5. With regard to Professor Edwards's points concerning Recommendations II and III, the Board would have wished to specify 1 October 2003 as the date of implementation of the new arrangements and the date from which the current schemes should be abolished. However, as has been mentioned, the Board are aware that any proposals relating to senior academic promotion issues may arouse controversy in the University. They are also aware of the difficulty of predicting the timetable for the statutory amendments described above. It is, in their view, prudent and in the interest of officers who would wish to apply in the next annual promotion exercise for the Board to determine the date without further reference to the Regent House.

6. With regard to Professor Edwards's point in relation to Recommendation IV, the Board adhere to the view they stated in the Notice of 7 December 1998: they do not believe that it is practicable, or in the interest of effective management, for them to seek the approval of the Regent House for every modification that it may be desirable or necessary to make in the light of experience in the interest of the efficient operation of the promotion scheme; this is why they are now, as they did in 1998, seeking the approval of the Regent House for authority to make such adjustments within a general framework approved by the Regent House.

7. The main thrust of Dr D. R. J. Laming's remarks is that members of Promotions Committees exercise favouritism in respect of particular applicants; he alleges that members of Committees use knowledge of applicants which is extraneous to the documentary evidence in reaching their evaluations and that Heads of institutions not only make out the case for promotion but steer it through Committee as well; he also questions whether the current requirements as to documentation are adequate to ensure lack of bias.

8. In most of his comments Dr Laming is concerned to reply to the speech made by Professor M. Grant on 15 January 2002 (Reporter, 2001-02, p. 462). Professor Dumville's remarks likewise allege the operation of patronage and prejudice in the operation of the promotion procedure. In response, the Board endorse the remarks made by Professor Grant in responding to Dr Laming's speech at the Discussion of the Annual Report of the General Board for 2000-01 (Reporter, 2001-02, p. 462), in particular that Dr Laming's implications of favouritism and bias do not appear to be based on any evidence. As Professor Grant indicated, any promotion system which requires the exercise of judgement is prone to human error; this is not to say that the system is seriously flawed or that the individuals who exercise that judgement are necessarily likely to be erroneous in their judgement or guilty of impropriety. The Board stress that the range of the documentary evidence on which evaluations are made is extensive, involving a personal statement and external referees, in addition to the case for promotion, which is not necessarily prepared by the Head of institution. Nor, moreover, are Heads of institutions invariably members of the Faculty Promotions Committees, or indeed of the General Board's Committees, which under the proposed new arrangements will include increased external membership.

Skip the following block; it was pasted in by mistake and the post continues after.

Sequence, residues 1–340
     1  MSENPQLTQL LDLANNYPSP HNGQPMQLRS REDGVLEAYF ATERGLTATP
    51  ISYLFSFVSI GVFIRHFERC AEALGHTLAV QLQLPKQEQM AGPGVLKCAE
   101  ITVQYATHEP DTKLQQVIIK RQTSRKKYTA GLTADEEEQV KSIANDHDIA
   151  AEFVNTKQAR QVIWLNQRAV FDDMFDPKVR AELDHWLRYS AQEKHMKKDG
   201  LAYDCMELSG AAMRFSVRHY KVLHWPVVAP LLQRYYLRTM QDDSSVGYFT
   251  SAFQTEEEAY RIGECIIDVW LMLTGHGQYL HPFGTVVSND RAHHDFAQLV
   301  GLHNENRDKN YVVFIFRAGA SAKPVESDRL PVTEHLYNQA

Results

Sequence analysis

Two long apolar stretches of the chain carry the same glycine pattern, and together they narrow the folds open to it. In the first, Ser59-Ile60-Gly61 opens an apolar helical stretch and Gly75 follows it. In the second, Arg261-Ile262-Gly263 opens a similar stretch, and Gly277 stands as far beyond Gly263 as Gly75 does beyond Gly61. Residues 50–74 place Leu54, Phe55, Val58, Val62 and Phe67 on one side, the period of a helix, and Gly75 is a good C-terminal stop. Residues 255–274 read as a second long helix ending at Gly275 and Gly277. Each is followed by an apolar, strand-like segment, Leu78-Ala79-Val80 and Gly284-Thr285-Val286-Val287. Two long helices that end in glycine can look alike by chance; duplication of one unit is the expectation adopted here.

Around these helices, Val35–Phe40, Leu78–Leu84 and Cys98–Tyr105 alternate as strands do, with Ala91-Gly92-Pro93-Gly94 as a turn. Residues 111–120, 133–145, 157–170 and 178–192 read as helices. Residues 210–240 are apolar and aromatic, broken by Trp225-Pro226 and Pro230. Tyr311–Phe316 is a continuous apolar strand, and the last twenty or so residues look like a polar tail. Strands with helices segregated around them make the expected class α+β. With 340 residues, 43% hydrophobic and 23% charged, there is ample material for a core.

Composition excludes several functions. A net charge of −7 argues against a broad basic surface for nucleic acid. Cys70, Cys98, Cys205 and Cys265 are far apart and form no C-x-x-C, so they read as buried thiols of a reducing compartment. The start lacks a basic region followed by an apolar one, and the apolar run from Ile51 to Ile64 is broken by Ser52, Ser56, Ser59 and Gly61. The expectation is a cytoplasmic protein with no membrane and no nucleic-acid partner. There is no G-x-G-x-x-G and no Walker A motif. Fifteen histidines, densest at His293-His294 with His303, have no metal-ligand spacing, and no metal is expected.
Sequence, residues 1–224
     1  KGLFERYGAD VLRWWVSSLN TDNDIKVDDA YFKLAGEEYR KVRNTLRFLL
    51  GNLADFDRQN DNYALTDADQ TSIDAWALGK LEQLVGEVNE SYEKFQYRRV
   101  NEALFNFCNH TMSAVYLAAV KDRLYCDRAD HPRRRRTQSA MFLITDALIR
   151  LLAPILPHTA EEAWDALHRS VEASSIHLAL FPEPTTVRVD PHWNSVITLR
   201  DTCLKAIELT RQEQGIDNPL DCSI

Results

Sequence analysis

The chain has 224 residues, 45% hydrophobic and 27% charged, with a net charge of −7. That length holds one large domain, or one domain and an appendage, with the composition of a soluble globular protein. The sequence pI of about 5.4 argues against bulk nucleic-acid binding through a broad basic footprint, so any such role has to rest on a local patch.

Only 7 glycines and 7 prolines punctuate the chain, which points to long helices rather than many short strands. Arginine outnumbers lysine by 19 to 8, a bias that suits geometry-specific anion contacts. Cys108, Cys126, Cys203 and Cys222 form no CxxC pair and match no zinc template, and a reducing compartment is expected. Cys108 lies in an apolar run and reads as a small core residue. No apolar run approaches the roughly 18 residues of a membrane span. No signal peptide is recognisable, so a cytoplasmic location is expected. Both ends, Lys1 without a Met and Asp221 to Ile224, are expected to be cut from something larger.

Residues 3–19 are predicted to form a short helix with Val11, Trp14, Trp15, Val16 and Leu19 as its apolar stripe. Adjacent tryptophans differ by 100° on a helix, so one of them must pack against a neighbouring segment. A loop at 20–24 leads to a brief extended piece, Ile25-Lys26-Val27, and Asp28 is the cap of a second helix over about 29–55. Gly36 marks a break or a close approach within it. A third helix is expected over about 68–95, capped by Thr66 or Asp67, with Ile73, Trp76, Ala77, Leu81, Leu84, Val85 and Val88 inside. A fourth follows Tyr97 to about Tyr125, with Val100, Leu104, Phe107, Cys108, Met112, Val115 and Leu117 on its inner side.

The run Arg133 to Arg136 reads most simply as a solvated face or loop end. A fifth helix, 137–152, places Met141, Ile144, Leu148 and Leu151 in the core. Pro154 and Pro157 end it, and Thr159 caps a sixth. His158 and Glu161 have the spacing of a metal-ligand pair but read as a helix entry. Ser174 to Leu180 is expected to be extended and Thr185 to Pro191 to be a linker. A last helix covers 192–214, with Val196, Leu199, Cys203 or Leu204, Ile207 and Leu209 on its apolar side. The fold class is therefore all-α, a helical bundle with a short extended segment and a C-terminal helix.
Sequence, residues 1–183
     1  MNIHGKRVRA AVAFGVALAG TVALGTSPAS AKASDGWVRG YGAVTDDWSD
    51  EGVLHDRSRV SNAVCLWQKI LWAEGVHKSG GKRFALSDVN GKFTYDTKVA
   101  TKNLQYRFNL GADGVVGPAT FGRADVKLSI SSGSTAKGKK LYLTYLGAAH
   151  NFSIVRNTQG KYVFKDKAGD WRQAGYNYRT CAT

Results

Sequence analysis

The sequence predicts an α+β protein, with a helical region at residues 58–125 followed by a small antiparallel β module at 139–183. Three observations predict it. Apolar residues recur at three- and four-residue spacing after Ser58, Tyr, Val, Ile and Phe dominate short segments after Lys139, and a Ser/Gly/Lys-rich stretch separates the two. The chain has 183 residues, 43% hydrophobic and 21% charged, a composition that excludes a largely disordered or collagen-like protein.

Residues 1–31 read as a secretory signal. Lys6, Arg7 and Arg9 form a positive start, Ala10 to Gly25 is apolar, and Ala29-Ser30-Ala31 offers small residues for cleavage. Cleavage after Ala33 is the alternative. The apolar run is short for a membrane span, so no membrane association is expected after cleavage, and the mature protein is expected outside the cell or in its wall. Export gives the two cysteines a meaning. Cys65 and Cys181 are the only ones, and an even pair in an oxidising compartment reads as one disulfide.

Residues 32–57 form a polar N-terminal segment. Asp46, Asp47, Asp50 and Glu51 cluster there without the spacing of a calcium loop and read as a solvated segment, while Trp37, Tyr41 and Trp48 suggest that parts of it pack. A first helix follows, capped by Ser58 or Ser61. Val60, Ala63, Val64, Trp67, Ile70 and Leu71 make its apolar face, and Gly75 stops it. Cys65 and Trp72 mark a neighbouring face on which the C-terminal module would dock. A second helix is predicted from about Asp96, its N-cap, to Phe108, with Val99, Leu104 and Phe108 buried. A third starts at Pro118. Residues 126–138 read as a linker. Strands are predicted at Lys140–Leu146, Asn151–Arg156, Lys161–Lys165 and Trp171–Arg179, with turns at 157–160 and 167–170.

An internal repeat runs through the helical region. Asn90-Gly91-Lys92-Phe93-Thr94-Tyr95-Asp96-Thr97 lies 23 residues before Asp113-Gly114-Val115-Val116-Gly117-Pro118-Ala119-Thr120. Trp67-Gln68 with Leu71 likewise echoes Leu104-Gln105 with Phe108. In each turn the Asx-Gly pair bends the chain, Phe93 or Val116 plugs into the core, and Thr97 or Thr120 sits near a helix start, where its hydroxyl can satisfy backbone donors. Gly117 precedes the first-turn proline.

9. Turning to the more particular points raised by Professor D. N. Dumville, with regard to the attendance of members of Committees at meetings of Promotion Committees while on sabbatical leave, the Board are not deviating from existing practice and precedent. Professor Dumville asserts that with regard to College teaching paragraphs 5.26 and 5.48 of the Guidance are contradictory. This is not so. For the avoidance of doubt, though, the Board wish to clarify that in connection with paragraphs 5.16, 5.17, and 5.18, applicants who do not wish College teaching to be taken into account will not be put at a disadvantage thereby in the assessment of their application. With regard to paragraphs 5.18 (Report) and 5.33 (Guidance) the Board believe that the meaning of these statements is clear.